Queensland has recorded one new case of COVID-19 in a Russell Island woman in her 60s who may have taken the local ferry on multiple occasions while infectious.
The new coronavirus case recorded on Saturday was a contact of a known case linked to the Brisbane youth detention centre cluster, Health Minister Steven Miles said.
Mr Miles said the woman commuted on the southern Moreton Bay islands ferry service while infectious for up to four days, and passengers should watch out for respiratory symptoms.
A pop-up testing site would be established on Russell Island.
"That is a concern for our health authorities, we have been concerned throughout the pandemic about the southern Moreton Bay islands, people are on those islands - they are vulnerable, often have difficulty accessing health services," Mr Miles told reporters.
"Please monitor your health very, very closely."
Mr Miles said the island would not yet be shut off to travellers.
It comes after Queensland Premier Annastacia Palaszczuk on Friday said her state would not tolerate AFL players breaking health restrictions following the arrest of Richmond players Sydney Stack and Callum Coleman-Jones over a Surfers Paradise brawl.
The pair were meant to be at their team's hub and have since been fined by the AFL for breaching COVID-19 protocols and sent home to Victoria.
"AFL players caught breaking COVID rules should be sent home," Ms Palaszczuk tweeted on Friday, before the AFL announced its decision on the Tigers players.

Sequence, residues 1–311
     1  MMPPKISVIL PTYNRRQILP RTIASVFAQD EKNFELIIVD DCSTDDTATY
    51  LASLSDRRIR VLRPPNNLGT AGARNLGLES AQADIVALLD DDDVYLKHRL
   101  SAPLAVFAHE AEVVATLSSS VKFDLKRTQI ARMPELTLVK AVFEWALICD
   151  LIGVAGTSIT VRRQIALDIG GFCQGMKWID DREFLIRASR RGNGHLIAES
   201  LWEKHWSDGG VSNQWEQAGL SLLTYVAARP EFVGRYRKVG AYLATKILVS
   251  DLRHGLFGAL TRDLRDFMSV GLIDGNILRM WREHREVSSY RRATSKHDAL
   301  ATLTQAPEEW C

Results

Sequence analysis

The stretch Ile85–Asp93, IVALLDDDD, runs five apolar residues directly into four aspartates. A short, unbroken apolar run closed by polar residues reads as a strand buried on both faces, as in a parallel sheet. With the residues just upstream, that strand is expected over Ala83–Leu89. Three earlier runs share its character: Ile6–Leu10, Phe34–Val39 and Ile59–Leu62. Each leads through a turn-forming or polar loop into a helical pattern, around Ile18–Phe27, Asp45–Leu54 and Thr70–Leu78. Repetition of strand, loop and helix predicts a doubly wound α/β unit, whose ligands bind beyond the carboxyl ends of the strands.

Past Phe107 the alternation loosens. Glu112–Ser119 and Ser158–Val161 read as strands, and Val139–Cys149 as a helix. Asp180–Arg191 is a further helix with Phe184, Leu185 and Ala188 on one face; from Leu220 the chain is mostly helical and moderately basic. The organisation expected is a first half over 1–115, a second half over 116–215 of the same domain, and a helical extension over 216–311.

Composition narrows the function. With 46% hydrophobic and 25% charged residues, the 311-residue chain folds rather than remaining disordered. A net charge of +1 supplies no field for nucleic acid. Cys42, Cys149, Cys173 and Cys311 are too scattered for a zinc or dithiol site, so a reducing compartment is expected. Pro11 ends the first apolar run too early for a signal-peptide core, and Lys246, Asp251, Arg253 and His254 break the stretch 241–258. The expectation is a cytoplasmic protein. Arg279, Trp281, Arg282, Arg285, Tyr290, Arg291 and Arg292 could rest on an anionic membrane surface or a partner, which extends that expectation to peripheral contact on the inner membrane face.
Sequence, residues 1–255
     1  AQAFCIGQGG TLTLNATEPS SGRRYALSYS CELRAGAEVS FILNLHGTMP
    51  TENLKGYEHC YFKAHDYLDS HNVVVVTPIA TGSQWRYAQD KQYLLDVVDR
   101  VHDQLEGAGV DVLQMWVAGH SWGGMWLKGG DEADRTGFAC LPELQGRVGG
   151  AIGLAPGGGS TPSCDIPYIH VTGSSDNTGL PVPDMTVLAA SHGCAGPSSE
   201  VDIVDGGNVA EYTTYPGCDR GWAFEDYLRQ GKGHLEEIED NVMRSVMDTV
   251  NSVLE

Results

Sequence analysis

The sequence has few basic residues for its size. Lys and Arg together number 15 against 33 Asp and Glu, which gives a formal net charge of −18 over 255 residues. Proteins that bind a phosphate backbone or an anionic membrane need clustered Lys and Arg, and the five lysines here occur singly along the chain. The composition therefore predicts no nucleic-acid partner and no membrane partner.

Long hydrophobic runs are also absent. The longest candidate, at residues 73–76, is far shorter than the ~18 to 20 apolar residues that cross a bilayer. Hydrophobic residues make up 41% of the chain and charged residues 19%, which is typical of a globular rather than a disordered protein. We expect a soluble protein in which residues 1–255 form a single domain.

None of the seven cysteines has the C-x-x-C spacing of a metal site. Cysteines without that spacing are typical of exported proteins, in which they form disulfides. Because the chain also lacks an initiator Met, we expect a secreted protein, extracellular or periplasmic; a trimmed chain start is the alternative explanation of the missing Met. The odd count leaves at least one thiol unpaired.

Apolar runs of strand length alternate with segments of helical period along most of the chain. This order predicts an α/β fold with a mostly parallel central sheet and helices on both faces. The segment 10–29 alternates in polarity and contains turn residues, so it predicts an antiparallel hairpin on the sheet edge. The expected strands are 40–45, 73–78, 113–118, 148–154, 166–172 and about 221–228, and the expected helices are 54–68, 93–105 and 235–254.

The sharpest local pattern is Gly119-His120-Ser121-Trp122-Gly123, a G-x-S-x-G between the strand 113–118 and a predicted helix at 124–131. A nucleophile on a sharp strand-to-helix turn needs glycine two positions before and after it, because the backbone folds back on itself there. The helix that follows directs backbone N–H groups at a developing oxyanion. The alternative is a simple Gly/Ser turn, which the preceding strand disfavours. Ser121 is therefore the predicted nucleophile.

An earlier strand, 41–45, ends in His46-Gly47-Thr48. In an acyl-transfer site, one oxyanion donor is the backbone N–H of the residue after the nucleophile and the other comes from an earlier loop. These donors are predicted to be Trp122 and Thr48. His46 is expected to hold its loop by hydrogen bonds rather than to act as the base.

Mr Miles on Saturday said the behaviour of Stack and Coleman-Jones was "pretty inappropriate" and supported the decision to send them home.
"Our sporting stars, they are leaders of our community, young people look up to them ... it's good to see they've been sent home, the AFL have acted pretty strongly," Mr Miles said.
"They've let down their teams, their communities, their families."
Mr Miles also defended the decision to allow AFL executives to quarantine at a luxury resort after giving Brisbane's Gabba the hosting rights for the sport's grand final.
About 400 AFL staff have booked out the entire RACV Royal Pines Resort Gold Coast, where they are reportedly able to play golf and "mingle in the pool".
Both Ms Palaszczuk and Mr Miles said other states would have offered the same guidelines to AFL staff if they'd obtained the grand final hosting rights.
Most people quarantining in Queensland are forbidden from leaving their hotel rooms.
Mr Miles insisted the AFL staff were acting in accordance with a COVID-safe plan and avoiding the transmission of COVID-19 in Queensland was the sole priority.
Meanwhile, Queensland Health issued on Friday a health alert for those who visited Fantastic Furniture and Spotlight in West Ipswich and Johnny Furniture in Booval on the morning of August 29. They are considered casual contacts of a COVID-19 case.
There are currently 26 active cases of COVID-19 in Queensland.